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3D Printers: 5 Questions to Ask Before You Buy

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There’s no doubt about it: 3D printers are the new big thing. Sales of consumer-based units doubled in 2013 and are expected to double again in 2014, so if you find yourself longing for one, you’re not alone.

If you’re new to the field of 3D printing, here are five questions to answer before you buy:

1. What do I want to make?
This is the central issue. Many people simply want to experiment with this fascinating technology, others have particular projects in mind. To begin defining the type of printer you might need, develop a thorough list of things you would like to make.

2. Am I using the printer for fun or profit?
If your goal is to have fun, the opportunities are endless. Choose an easy-to-use printer you can have up and running in the shortest amount of time.  If your goal is to make something specific such as model parts or jewelry components for yourself or as marketable products, look for a 3D printer capable of producing your target items.

3. What type of materials do I want or need to use?
Many desktop 3D printers are designed to use ABS or PLA plastics that melt easily and produce plastic objects. Some are configured to process metals or alloys like gold, silver, brass, bronze, copper, platinum, steel and stainless steel. Others print gypsum (stone) objects or wax forms that can be used for molding and casting processes. A few are versatile enough to handle several material types. Defining the material(s) your projects require will guide you toward printers with the capabilities you desire.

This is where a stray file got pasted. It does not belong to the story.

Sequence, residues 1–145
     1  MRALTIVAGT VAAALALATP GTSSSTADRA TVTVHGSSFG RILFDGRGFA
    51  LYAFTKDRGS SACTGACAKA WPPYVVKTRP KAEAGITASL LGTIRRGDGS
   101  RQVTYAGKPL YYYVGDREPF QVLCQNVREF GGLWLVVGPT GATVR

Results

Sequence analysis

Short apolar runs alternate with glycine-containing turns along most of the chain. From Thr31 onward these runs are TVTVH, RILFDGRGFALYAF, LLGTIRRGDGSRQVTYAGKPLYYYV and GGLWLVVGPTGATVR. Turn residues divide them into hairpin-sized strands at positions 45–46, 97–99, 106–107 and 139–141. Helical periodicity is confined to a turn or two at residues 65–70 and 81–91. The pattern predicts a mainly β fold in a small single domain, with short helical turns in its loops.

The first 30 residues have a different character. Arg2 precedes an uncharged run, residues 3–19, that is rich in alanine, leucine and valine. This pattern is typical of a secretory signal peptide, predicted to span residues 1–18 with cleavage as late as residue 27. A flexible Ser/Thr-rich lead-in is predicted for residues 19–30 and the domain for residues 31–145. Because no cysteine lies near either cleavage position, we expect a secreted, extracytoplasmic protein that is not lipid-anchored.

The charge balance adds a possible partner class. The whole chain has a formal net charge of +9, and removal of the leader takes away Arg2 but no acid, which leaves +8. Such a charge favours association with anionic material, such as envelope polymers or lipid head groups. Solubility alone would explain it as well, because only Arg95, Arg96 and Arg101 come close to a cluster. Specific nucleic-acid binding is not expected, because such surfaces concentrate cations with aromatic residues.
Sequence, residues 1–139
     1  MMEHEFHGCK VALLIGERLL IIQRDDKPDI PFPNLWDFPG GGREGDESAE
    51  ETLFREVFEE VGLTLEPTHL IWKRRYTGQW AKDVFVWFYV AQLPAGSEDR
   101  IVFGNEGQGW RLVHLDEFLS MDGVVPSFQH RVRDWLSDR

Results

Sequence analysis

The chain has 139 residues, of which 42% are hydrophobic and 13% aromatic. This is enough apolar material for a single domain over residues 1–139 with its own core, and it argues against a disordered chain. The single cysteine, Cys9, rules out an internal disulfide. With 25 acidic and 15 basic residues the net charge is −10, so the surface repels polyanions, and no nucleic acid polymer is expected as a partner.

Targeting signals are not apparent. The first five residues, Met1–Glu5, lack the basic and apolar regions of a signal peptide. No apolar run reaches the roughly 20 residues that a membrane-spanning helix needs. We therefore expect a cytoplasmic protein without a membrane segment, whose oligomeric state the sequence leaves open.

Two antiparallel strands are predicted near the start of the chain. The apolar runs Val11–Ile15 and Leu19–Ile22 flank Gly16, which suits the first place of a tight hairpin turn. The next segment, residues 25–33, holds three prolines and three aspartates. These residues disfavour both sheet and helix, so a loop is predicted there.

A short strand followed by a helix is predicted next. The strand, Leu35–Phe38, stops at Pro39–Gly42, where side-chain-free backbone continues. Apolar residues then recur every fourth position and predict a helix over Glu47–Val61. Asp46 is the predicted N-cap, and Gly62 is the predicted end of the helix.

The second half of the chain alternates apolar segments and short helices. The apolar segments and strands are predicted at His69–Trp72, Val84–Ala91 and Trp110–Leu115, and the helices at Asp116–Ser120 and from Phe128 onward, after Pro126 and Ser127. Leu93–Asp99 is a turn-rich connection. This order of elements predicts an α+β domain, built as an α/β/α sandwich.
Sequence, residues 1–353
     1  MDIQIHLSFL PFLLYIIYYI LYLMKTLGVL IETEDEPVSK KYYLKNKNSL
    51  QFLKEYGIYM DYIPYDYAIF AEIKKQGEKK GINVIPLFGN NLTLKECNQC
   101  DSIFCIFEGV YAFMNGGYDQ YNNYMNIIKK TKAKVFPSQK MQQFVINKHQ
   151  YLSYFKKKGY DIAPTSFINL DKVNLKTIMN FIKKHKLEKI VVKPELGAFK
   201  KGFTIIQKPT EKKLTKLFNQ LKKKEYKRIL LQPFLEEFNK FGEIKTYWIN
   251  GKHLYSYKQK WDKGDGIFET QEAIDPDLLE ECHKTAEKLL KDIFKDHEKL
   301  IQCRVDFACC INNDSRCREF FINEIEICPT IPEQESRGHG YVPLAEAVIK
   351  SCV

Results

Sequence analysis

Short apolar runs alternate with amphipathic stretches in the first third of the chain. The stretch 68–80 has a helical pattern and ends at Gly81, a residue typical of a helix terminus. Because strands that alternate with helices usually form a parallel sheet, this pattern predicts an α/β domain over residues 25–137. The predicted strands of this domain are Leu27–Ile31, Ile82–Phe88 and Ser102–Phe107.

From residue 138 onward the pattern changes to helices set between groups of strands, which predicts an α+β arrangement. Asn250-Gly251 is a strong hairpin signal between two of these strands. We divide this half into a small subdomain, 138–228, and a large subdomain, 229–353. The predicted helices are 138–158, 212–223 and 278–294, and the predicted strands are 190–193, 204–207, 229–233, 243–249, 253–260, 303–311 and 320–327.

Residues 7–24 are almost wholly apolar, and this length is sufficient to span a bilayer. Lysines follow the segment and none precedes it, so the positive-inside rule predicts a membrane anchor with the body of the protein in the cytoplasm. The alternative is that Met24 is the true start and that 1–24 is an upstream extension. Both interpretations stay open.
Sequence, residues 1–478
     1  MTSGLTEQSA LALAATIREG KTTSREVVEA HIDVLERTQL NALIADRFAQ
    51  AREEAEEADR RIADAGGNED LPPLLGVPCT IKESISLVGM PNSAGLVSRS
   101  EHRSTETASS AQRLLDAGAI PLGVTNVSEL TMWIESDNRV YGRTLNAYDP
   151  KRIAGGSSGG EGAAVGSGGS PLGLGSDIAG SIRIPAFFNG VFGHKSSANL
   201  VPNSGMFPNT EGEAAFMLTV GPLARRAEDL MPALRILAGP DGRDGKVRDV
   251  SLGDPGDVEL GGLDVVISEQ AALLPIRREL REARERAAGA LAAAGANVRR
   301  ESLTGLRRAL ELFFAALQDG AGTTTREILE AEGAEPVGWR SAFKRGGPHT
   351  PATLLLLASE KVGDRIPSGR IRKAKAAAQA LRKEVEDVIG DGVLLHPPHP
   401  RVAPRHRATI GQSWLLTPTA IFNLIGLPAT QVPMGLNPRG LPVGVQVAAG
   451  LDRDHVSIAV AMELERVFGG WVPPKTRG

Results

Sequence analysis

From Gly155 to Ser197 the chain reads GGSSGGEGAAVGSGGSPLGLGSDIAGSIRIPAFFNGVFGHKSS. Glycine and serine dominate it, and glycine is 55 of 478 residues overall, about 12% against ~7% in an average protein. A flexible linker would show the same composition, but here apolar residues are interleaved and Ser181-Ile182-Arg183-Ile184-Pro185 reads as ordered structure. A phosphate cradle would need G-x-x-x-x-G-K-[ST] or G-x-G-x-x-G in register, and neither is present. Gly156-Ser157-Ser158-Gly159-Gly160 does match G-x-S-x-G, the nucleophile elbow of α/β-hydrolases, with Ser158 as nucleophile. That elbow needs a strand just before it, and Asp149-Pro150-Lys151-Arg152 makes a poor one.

4. What qualities must the finished item have?
This is a crucial question. If you’re just having fun, you have the flexibility to choose a printer that produces one-color objects with an acceptable but unrefined surface texture. If your goal is to produce end-use products or objects for display, you may need one that handles multiple colors and produces finishes. Narrow your search to those that meet your criteria.

5. How big are the items?
Desktop 3D printers have severe size limitations, a fact that surprises some newcomers. Many compact, low-cost printers have a maximum build capacity of 4 x 4 x 4 inches, while more sophisticated ones accommodate items as large as 10 x 8 x 6 inches. Identifying the maximum size you hope to achieve will direct you to a printer with the right capacity.

Naturally, there are other considerations at play. If budget isn’t an issue, simply find a printer that meets your standards. If price is an issue, search for one that offers the features you require and fits your price range. There are also countless technical considerations that will influence your decision, but answering these questions will help you begin to pinpoint the type of 3D printer you want and need.

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